A round-up of recent news in clean technology and cleantech investment. Seems like everyone's getting their deals wrapped up before the holidays.
Climate Change Capital is backing a landfill gas project in Northern Ireland with £2m capital funding. The investment comes from its Ventus Funds, specialist venture capital trusts (VCTs) focused on renewable energy projects.
The project is a joint venture between Belfast City Council and project development company Renewable Power Systems, to generate electricity from methane gas produced by the 121 hectare Dargan Road landfill site. The scheme is forecast to produce enough electricity for 6000 homes, with a lifetime of at least 20 years.
Welsh environmental diagnostics company Envirogene has closed a £1m second round from investors including RAB Capital and Finance Wales.
Envirogene uses molecular diagnostics and nanoparticle tracking technology to monitor water quality and assist bioremediation projects. The new funding will help commercialise its water quality technologies, and develop new diagnostic tools for the oil and gas industries.
AIM-listed Ludgate Environmental Fund has led a Euro10m round in German biogas plant operator Agri.capital. Ludgate invested Euro3m, alongside London-based pensions hedge fund Valiance.
Agri.capital uses manure and crop waste to produce methane-rich gas, which can be either burnt on site to generate elecricity or cleaned and fed into the national gas network. The leftovers, which the firm delicately calls 'fermentation residue', is used as a high-grade fertiliser.
Belgian renewables group Electrawinds has secured an extra Euro30m capital from existing investors. Dutch VC group GIMV put in Euro25m, with the remainder from DG Infra+, and infrastructure joint venture between GIMV and Belgian investment group Dexia.
Electrawinds aims to increase its generating capacity from 80MW to 200MW by the end of 2010.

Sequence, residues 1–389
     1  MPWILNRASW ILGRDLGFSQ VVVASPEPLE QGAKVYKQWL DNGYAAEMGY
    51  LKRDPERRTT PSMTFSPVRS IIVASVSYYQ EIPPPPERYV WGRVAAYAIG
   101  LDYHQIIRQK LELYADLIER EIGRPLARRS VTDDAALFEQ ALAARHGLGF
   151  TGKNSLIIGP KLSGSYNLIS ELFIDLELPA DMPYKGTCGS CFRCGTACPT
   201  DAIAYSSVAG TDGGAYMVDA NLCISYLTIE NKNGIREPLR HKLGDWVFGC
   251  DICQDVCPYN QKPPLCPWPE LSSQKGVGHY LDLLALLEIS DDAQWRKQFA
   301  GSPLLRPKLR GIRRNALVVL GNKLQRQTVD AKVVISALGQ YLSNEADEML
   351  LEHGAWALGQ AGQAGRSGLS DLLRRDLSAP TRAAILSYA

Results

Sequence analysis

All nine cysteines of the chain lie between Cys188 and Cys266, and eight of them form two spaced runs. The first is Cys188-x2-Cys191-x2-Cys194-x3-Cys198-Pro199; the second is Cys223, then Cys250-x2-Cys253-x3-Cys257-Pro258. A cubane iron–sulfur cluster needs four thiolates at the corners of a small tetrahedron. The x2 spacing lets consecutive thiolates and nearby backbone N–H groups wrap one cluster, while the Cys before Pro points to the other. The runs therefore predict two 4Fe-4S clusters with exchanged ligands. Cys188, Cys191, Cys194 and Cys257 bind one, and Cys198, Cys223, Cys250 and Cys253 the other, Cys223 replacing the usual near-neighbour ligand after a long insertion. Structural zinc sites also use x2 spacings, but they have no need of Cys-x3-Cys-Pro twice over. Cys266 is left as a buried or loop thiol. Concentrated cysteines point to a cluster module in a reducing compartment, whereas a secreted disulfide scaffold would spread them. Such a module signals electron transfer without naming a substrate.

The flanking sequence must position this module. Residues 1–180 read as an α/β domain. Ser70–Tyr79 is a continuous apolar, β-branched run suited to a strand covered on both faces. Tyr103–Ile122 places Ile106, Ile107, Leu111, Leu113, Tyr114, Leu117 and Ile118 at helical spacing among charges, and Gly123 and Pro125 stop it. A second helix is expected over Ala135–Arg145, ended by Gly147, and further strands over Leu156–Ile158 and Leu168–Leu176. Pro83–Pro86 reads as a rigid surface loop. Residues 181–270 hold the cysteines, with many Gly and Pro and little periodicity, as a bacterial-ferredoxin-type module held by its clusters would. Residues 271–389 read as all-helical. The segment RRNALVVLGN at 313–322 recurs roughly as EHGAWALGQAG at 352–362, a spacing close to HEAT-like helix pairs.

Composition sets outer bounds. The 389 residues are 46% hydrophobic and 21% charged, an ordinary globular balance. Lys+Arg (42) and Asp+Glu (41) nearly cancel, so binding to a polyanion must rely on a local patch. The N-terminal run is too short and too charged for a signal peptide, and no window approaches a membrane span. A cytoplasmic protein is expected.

GIMV also announced the close of its new XL tech VC fund at Euro500m.
Norwegian start-up Solar Cell Repower has raised a NKr20m (cEuro2m) first round in two tranches from Nordic tech investor Northzone Ventures. State-based Innovation Norway also contributed a NKr8m grant and NKr4m loan. The firm specialises in recycling and upgrading "non prime" solar cells to meet current performance standards, and aims to build partnerships with cell and module manufacturers.
Also in Norwegian solar recycling, silicon specialists Metallkraft raised NKr33m (Euro3.5m) from Belgium's Capricorn Venture Partners. Metallkraft is developing a patented process for recycling the silicon carbine slurry used in the wafer cutting stage of standard PV cell manufacturing.
Two much-favoured US firms have raised new rounds. Thin-film solar manufacturer Konarka has raised $45m and announced 'bilateral R&D and cooperation agreements' with oil major Total. The French energy group becomes the Massachusetts-based company's largest shareholder, with just under 20%, via its Total Gas & Power USA subsidiary. Konarka last announced a $45m round in October last year.
Cellulosic ethanol group Coskata meanwhile raised a $40m third round led by private equity giant Blackstone. Money goes towards completing Coskata's pilot plant in Pittsburgh and beginning work on its first commercial plant. The Illinois firm announced a partnership with General Motors back in January. The deal is the first publicised investment from Blackstone's new Cleantech Venture Partners fund.
In other follow-on news, vertical-axis 'Windspire' turbine manufacturer Mariah Power announced it had closed its second round, led by Noventi Ventures, at an undisclosed total. Last we heard in April, it had just raised some post-seed and was working on its first round - it's easy to lose count...